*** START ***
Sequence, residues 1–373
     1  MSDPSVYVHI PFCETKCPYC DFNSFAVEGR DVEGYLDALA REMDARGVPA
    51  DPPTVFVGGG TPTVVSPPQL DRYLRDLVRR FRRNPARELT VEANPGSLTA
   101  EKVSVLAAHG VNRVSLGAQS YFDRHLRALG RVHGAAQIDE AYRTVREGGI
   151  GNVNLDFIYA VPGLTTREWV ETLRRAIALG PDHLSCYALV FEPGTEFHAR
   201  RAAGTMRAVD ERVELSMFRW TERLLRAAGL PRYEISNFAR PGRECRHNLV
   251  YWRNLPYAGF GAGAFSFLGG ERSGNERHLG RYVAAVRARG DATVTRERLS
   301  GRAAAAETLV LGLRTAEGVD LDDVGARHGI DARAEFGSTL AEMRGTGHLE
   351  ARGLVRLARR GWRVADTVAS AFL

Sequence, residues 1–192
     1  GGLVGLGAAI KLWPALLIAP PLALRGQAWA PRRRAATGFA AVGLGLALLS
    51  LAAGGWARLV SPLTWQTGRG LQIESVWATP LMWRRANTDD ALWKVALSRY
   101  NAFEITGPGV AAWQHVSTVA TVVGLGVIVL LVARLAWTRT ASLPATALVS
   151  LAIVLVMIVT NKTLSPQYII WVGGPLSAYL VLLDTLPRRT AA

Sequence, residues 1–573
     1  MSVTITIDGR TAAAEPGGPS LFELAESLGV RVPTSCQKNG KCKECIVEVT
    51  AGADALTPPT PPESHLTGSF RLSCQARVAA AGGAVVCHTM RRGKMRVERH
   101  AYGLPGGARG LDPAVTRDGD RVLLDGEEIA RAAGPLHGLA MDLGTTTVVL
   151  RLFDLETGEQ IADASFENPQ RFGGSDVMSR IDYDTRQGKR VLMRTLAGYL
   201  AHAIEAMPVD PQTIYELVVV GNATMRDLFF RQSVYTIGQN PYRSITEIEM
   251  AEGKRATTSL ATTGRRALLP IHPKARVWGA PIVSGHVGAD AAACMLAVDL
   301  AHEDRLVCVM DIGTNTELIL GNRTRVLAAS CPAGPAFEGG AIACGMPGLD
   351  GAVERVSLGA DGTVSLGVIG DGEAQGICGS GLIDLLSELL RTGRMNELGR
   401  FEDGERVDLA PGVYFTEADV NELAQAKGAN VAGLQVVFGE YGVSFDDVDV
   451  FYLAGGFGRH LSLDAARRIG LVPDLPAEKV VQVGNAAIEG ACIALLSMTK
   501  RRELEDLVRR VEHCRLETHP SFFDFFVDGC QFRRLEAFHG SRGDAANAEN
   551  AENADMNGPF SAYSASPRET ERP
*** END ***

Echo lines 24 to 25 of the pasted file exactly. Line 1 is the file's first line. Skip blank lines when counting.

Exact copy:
   401  FEDGERVDLA PGVYFTEADV NELAQAKGAN VAGLQVVFGE YGVSFDDVDV
   451  FYLAGGFGRH LSLDAARRIG LVPDLPAEKV VQVGNAAIEG ACIALLSMTK